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NASA Selects 12 Space Biology Research Studies

Understanding how spaceflight-stressors, including radiation, impact model organisms.

NASA announces the award of 12 grants or cooperative agreements for exciting new space biology research that will advance NASA’s understanding of how vertebrate and invertebrate model organisms respond, acclimate, and adapt to the space environment in support of human space exploration. Proposals for these projects were submitted in response to ROSES-2021 Program Element E.11 “Space Biology: Animal Studies” (NNH21ZDA001N-SBAS).

As human exploration prepares to go beyond Low Earth Orbit, NASA’s Biological and Physical Sciences Division (BPS) is shifting its research priorities towards work that will enable organisms to Thrive In DEep Space (TIDES). These efforts will focus on determining the effects of multiple deep-space stressors, including deep space radiation and reduced gravity on multiple animal models.

Selected studies involve, but are not limited to, efforts to 1) characterize the ability of dietary countermeasures to mitigate the negative effects of radiation exposure in mammals, 2) determine how exposure to various types of space-relevant radiation affects cognitive and neurological function, and 3) how exposure to simulated levels of fractional and hyper-gravity impact animal physiology.

The selection of these awards was made possible through a collaboration between BPS and the Space Radiation Element of the NASA Human Research Program, which will provide access to the NASA Space Radiation Laboratory at Brookhaven National Laboratory for many of the awarded studies.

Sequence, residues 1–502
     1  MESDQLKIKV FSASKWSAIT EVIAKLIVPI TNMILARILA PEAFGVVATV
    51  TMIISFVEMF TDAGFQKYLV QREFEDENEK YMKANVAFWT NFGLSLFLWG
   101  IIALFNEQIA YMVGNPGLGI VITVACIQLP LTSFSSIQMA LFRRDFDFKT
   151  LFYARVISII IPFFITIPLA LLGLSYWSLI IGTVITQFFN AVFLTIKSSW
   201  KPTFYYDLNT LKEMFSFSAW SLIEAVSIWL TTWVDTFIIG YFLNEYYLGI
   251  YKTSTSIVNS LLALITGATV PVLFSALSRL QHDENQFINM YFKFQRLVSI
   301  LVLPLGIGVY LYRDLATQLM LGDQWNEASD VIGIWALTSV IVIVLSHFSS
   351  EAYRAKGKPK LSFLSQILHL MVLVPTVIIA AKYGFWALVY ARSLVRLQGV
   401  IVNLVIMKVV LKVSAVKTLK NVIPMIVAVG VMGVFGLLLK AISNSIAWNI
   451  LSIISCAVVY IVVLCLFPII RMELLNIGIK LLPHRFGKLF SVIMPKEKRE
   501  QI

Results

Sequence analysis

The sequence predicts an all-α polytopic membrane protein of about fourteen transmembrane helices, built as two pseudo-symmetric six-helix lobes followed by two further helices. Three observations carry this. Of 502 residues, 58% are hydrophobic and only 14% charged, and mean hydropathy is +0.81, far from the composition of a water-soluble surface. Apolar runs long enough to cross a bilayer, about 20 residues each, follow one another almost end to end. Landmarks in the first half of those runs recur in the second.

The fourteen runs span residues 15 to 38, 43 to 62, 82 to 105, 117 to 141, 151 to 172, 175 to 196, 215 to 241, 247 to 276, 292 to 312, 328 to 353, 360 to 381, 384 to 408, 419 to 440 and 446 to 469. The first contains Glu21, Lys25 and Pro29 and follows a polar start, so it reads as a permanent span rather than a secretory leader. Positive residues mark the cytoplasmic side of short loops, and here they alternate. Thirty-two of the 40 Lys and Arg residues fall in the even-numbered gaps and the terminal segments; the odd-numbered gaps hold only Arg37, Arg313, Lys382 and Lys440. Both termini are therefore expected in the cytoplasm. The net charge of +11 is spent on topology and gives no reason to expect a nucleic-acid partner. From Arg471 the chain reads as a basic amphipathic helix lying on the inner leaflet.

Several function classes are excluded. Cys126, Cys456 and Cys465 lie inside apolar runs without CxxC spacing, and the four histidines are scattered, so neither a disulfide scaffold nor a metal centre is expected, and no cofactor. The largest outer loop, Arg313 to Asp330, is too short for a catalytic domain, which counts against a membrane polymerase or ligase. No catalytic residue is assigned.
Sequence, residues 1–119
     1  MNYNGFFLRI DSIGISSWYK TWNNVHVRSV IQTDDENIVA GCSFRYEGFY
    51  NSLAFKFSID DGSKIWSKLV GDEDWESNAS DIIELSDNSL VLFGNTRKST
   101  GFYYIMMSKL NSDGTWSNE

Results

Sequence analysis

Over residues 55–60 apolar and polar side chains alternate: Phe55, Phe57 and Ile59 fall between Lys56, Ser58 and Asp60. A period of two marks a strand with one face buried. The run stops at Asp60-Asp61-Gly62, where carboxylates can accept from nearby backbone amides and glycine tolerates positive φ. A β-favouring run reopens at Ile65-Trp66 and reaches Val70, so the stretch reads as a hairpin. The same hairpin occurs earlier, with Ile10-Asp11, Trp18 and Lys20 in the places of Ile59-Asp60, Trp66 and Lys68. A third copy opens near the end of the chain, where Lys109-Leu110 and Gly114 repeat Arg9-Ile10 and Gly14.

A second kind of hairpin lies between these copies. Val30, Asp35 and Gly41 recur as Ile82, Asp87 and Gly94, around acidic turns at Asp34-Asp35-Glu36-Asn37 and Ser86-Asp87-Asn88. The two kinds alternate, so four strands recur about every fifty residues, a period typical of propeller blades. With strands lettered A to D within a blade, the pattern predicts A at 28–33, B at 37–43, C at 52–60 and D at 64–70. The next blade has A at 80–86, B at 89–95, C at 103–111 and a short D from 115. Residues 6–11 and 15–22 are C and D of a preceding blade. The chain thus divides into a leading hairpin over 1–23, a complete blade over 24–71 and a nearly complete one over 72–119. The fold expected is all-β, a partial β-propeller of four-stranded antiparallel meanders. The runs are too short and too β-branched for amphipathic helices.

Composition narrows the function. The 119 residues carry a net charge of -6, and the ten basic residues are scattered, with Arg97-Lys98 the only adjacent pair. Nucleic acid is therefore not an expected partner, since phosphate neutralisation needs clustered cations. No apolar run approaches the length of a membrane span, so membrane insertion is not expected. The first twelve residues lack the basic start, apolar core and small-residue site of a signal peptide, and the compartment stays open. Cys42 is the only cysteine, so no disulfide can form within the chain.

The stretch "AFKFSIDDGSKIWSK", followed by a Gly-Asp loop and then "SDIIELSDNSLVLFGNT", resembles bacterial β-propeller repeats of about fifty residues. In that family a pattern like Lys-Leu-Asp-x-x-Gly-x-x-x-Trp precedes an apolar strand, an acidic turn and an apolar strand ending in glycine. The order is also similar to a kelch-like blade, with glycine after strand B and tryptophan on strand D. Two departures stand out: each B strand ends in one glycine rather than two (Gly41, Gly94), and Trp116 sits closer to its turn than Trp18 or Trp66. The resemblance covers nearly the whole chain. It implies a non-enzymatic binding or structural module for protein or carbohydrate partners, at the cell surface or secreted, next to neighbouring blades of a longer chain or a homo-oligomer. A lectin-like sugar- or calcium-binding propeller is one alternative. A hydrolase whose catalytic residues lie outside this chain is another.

Twelve investigators from eight institutions in seven states will conduct these space biology investigations. Six of these awards are to investigators new to the Space Biology Program within BPS. When fully implemented, about $3.55 million will be awarded in fiscal years 2023-2026.

Craig Willis, Ph.D. Ohio University,
The Effect of Different Genetic Mutations and Pharmacologic Interventions on Transcriptional Responses to Spaceflight in C. elegans

Marie Mortreux, Ph.D. Beth Israel Deaconess Medical Center, Inc.,
Circadian Rhythm Disruption and Gravitational Disturbance in a Lunar Mission Analog: Consequences for Muscle Function During and After the Mission

Seward Rutkove, Ph.D. Beth Israel Deaconess Medical Center, Inc.,
Acute and Long-Term Effects of Combined Radiation and Partial Unloading on Neurological and Musculoskeletal Systems in Male and Female Rats

Ashley Blackwell, Ph.D. Eastern Virginia Medical School,
Feasibility study: Use of Neural Networks to Predict Adaptability and Multiday Performance Saving in Dual Motor-Cognitive Tasks After Exposure to Space Flight Stressors

Heather Allaway, Ph.D. Louisiana State University and A&M College,
Insights Into the Impacts of Continuous, Low Dose-Rate Neutron Radiation Exposure on Maternal and Fetal Skeletal Physiology

Anand Narayanan, Ph.D. Florida State University,
Partial Gravity and Sex-Difference Effects on the Venous Circulation

Janani Iyer, Ph.D. NASA Ames Research Center,
Sex-Specific Physiological and Transcriptomic CNS Responses to Combined Effects of Spaceflight Stressors in Drosophila Melanogaster

Elizabeth Blaber, Ph.D. Rensselaer Polytechnic Institute,
Unraveling the Role of Mitochondrial Dysfunction and Senescence on Inhibition of Tissue Regeneration During Spaceflight and Amelioration by a Novel Countermeasure, PQQ

Sylvain Costes, Ph.D. NASA Ames Research Center,
Characterization of Female Reproductive Health Risks for Long-Duration Spaceflight Using Federated Machine Learning

Joshua Alwood, Ph.D. NASA Ames Research Center,
Integrated CNS Assessment in Rodent Models of Altered Gravity and Irradiation

Caralina Marin de Evsikova, Ph.D. Bay Pines Foundation, Inc.,
Stressors to Spaceflight: Identification of Transposon-Driven Changes to Gene Networks in GeneLab Data

Cassandra Juran, Ph.D. NASA Ames Research Center,
Sustained Effects of Spaceflight on Anemia and Severity of Effects Dependency on Age